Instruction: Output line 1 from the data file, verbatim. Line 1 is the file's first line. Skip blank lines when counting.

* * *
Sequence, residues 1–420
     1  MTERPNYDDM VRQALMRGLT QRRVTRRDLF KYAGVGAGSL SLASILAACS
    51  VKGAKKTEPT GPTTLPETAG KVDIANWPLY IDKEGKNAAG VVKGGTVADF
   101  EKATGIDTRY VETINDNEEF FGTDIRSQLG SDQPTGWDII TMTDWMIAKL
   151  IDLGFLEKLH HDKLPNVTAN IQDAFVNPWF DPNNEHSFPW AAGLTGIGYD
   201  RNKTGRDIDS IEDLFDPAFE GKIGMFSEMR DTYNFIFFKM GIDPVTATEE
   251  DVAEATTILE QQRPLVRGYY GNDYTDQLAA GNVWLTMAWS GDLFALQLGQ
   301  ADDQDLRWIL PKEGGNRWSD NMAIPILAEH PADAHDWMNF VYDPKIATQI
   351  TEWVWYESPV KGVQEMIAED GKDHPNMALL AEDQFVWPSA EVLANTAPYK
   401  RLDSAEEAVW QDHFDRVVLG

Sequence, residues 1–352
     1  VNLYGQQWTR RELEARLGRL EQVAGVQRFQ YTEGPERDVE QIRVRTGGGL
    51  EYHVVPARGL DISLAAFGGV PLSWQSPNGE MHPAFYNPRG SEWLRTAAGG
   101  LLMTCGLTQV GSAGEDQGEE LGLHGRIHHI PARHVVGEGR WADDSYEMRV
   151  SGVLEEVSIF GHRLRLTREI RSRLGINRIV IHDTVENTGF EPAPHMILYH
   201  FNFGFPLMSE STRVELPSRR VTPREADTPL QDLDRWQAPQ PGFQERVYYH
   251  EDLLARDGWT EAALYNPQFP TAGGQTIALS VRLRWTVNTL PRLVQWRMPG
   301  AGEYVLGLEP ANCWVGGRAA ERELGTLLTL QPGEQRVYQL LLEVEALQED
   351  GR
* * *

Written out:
Sequence, residues 1–420